Guenegaud Theatre in Paris (1673-1680) Volume One: Founding, Design and Production
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This is the first detailed study of the Hôtel Guénégaud, the first home of the Paris Opéra in 1670, and the first home of the Comédie Française ten years later. The account books remain in the Archives of the Comédie Française, providing the source for a highly detailed account of the administrative structures and day-to-day running of the theatre. Moreover, a study of the records of ticket sales makes possible not only an analysis of the tastes and composition of the Guénégaud's audience, but also an attempted reconstruction of the theatre auditorium. This book will be helpful for academics in the fields of drama and theatre studies. All quotations from French sources are given in translation. Part one of a projected three-volume work.
"Dr. Clarke begins with the most thorough survey I know, and the first in English, of the crisis affecting all the Paris theatres in 1673, and her ability to tease out details and to show their place in the wider picture is soon apparent. The narrative of negotiations over the composition of the Guénégaud and company and its eventual choice of a new home is thus turned into compelling reading. Not merely is this a gripping story, however, but it also shows the virtues of rigorous analysis and logical argument. ... This is also the first substantial work to illustrate how crucial was the role of La Grange, Molière's erstwhile lieutenant. ... Dr. Clarke pulls together a vast array of decrees, petitions, financial deals, contracts, glimpsed and half glimpsed in La Grange's register and available in their original form only to the most diligent researchers ... and makes of all this not just a dry list of events and agreements, names and dates, but a revealing study of what it was like to be in that theatre company in that period. ... We have never known as much as we would like about the physical design of the Guénégaud theatre. Dr. Clarke combines scattered evidence to give us the best picture we have seen so far, adding information about the capacity of the auditorium, the kinds of audience, admission prices and the company's pricing strategy, the distribution of seating and standing room, down to such fascinating details as the numbers of persons accommodated in the boxes. Much of this information is collected for the first time. ... I have rarely read a work which so successfully combines thoroughness and intellectual rigour with readability and the knack of engaging the reader's interest." - William Brooks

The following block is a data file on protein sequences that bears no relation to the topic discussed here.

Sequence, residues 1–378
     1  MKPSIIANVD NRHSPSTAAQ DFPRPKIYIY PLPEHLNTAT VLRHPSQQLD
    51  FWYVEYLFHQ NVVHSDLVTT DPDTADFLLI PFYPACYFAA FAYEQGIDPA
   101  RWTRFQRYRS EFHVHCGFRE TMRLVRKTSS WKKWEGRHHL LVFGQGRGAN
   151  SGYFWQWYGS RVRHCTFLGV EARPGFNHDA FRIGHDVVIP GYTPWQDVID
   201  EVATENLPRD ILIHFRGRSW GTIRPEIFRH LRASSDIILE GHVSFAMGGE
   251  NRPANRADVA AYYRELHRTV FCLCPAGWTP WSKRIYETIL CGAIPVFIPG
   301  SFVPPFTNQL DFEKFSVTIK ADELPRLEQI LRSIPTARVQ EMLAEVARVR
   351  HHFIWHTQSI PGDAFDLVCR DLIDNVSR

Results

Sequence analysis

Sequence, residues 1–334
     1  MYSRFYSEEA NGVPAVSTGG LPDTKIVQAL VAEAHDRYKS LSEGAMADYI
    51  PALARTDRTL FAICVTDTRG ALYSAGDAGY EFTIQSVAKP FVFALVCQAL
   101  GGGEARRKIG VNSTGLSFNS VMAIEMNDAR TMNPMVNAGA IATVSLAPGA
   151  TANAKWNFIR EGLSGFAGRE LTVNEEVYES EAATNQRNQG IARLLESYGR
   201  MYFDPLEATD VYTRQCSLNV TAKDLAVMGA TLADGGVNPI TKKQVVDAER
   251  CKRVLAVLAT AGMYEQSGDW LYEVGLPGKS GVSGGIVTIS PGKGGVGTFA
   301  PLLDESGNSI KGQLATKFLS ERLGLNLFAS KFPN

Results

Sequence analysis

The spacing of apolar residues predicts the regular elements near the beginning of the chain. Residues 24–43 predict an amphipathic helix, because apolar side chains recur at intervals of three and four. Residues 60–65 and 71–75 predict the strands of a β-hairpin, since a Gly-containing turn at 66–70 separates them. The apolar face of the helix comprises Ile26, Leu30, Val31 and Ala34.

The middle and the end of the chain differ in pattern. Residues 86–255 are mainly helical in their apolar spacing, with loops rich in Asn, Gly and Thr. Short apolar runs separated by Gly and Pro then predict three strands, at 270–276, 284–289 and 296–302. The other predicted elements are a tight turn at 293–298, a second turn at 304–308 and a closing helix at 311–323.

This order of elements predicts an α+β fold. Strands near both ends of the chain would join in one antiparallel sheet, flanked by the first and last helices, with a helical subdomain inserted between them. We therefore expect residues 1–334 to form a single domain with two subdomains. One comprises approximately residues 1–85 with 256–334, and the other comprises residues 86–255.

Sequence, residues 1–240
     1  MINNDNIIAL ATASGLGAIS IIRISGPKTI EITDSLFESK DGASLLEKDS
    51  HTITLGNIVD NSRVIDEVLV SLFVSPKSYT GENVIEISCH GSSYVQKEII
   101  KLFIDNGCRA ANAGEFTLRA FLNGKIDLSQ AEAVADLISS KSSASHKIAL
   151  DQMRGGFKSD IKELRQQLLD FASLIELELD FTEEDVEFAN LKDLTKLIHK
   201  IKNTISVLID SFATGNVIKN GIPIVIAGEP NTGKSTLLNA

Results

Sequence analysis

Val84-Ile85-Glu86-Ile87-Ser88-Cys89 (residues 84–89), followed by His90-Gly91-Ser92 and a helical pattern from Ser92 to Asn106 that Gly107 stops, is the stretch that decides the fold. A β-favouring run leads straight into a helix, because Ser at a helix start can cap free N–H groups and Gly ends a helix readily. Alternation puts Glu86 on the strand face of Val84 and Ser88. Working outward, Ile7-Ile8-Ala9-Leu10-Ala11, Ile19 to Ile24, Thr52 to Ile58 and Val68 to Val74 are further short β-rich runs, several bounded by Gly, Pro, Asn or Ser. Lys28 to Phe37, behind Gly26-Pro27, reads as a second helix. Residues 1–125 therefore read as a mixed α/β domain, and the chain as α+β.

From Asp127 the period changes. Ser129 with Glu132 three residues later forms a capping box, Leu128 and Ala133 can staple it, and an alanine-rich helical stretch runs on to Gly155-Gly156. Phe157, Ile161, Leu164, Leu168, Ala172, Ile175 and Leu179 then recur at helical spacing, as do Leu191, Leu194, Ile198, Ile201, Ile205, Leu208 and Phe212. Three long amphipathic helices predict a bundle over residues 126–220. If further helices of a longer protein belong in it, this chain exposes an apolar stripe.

"The strength of Dr. Clarke's study is the wealth of evidence supplied, particularly from the account books of the Guénégaud company, housed in the archives of the Comédie-Française. Dr. Clarke has exploited this material, largely ignored by theatre historians, most judiciously. Her fastidious enquiry leads her to reassess information provided by seventeenth-century actors and chroniclers (e.g. Mlle. Auzillon, La Grange, Hubert and Chappuzeau) and to challenge the assumptions of leading twentieth-century historians of theatre (e.g. Carrington-Lancaster, Lough). At no time does Dr. Clarke blur distinctions between fact and speculation. ... References to contemporary figures, companies and staging practices should further widen the readership of this book. Of particular interest are: the account of the evolution of theatre design, which is enhanced by illustrations from contemporary engravings; the inverse parallels drawn in the analysis of the fortunes of the Guénégaud and the Hôtel de Bourgogne; the biographical information on the Crosnier family, some of whom were used to great effect by Molière. In short, with its appendices - 14 illustrations of theatre architecture, numerous charts indicating value of shares, repertoire, box-office takings for different parts of the house, employees and associates - and rich bibliography, this is a most impressive work. It will be an invaluable work of reference for scholars and of benefit to students of theatre studies, who will look forward to the publication of volumes II and III." - Noël Peacock
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